Directed by Jessica Hausner
Opens March 18 at Film Forum
A melodrama in theory but not in practice, Jessica Hausner’s historical adaptation, Amour Fou, is a strange beast. In early 19th century Berlin, Henrietta Vogel (Birte Schnöink) is a well-heeled wife (“I am my husband’s property,” she says) and mother of a young daughter. Henrietta’s placid demeanor covers a sense of unease, which ends up manifesting itself in a mysterious illness. Early in the film, she meets Heinrich von Kleist (Christian Friedel), a writer prone to saying things like, “I suffer not from death, but from life.” It turns out that Heinrich has an obsession with making a suicide pact with a woman and, well, this being an historical adaptation, a spoiler alert isn’t really necessary: after a good deal of deliberation, uncomfortable bourgeois socializing, and talk of melancholy, the two end up dying together.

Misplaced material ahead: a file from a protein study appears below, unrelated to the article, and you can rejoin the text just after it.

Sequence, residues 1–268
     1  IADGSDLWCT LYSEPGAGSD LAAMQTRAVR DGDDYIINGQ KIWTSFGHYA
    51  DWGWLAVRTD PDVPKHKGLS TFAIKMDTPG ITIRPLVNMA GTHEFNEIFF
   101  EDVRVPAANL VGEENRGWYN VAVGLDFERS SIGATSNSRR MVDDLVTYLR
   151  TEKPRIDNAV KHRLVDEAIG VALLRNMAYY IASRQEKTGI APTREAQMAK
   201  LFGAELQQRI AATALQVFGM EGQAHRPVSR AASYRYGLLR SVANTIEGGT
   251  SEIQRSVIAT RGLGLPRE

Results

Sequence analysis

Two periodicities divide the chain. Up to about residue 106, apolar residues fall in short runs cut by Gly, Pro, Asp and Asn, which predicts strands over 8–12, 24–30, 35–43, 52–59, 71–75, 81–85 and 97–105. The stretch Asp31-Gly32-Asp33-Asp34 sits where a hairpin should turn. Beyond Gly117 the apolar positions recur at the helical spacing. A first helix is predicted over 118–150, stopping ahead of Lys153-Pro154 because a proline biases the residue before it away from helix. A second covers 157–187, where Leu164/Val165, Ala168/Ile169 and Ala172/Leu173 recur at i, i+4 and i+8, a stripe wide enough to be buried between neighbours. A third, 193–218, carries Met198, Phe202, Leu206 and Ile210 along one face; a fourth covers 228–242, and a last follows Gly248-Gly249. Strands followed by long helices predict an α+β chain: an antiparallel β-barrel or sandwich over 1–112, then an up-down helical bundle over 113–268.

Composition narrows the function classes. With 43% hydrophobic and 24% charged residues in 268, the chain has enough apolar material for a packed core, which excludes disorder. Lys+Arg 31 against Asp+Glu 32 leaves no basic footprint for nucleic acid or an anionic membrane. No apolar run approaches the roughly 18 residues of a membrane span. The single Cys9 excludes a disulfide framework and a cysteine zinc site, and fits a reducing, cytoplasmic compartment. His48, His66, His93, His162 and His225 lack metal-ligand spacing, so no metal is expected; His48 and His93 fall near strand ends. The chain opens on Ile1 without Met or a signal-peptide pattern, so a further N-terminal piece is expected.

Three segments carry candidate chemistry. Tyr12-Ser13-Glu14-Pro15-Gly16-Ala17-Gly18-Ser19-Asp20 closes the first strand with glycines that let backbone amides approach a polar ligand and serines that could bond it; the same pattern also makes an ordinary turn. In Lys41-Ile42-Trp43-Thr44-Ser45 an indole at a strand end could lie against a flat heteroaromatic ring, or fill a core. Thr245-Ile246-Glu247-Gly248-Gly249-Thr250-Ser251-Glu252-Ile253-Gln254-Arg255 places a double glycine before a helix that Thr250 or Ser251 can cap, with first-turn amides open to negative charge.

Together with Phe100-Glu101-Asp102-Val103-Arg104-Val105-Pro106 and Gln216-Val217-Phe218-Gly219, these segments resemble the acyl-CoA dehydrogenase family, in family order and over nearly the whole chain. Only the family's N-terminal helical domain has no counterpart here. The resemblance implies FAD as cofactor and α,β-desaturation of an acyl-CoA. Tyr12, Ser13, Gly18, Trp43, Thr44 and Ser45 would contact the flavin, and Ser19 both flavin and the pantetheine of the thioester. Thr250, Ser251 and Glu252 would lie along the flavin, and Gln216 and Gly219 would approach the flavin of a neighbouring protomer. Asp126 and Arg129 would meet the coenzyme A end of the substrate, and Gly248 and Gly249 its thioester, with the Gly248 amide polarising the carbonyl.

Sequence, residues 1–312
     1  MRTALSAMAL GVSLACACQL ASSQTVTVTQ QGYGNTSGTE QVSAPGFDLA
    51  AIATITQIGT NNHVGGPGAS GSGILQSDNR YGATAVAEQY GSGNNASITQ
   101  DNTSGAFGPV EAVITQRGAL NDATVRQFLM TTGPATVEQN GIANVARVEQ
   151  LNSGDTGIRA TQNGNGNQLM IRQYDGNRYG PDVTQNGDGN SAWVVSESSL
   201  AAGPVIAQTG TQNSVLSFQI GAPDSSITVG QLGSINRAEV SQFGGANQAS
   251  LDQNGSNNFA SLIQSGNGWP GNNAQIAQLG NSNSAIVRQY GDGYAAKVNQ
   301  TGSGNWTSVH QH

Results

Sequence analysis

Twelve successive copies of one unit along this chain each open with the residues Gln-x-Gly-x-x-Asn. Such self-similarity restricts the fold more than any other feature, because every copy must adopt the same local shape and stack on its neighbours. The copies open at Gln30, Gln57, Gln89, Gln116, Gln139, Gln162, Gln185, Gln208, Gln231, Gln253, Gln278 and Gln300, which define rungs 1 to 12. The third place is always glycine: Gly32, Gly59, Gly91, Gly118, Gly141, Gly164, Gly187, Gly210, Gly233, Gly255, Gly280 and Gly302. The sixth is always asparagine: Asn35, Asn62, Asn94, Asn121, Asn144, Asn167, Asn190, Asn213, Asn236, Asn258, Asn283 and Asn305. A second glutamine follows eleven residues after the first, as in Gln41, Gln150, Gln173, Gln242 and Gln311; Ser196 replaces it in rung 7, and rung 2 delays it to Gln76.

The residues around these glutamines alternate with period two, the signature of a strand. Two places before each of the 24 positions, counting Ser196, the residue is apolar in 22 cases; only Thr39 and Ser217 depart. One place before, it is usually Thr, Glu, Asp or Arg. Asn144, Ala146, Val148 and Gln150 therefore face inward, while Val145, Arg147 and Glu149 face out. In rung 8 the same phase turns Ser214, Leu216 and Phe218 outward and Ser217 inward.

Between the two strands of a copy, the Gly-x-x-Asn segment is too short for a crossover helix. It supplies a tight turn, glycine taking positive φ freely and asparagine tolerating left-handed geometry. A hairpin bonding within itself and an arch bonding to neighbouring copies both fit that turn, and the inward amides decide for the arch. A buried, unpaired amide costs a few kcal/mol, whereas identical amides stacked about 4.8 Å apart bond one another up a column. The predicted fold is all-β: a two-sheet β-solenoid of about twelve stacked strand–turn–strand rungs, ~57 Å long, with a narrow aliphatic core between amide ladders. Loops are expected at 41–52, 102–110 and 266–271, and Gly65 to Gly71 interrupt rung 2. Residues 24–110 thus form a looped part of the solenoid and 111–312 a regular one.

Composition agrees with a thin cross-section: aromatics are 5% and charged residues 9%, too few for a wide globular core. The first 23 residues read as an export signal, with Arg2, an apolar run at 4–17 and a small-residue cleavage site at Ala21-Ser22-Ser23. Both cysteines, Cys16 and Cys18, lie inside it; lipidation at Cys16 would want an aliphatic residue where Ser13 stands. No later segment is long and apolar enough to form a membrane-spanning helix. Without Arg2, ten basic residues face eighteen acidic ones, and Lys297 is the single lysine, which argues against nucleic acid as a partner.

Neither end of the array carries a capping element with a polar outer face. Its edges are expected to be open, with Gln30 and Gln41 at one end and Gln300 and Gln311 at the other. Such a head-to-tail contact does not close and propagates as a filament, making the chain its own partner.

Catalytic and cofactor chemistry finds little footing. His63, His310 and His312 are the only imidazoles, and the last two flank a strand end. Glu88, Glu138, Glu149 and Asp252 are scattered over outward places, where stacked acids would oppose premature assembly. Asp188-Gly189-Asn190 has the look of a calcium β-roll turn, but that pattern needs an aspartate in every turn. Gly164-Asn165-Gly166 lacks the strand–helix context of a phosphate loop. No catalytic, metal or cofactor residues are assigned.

The story has the potential to be emotionally bombastic, but Hausner’s careful direction keeps us at a determined remove. Tellingly, there’s only one (decidedly unsexy) reference to sex in the entire film: when she is sick in bed with her husband by her side, Henrietta’s doctor tells her to avoid intercourse. Hausner could easily embrace a painterly, swoony notion of romanticism, but instead she keeps the camera unnervingly still and eschews a musical score. All that being said, the film is not without its pleasures. The very first shot, of Henrietta setting a centerpiece of yellow flowers which physically obscure her in front of a blue wall, outlines the film in miniature: a beautiful, calm image that nevertheless hides our protagonist. Henrietta often seems trapped by her surroundings: patterned wallpapers and canopied beds are pretty but not inviting. When she does go out, as when she discusses the suicide pact with Heinrich in a verdant, sunny setting, the natural beauty makes a sly mockery of dark thoughts. We might expect Amour Fou to go over the top at some point, but the film remains mannered to the very end. While the crisp visual palette and lack of bombast is a refreshing rejection of costume-drama convention, one wonders what the film might be like if only Hausner allowed it a little more breathing room.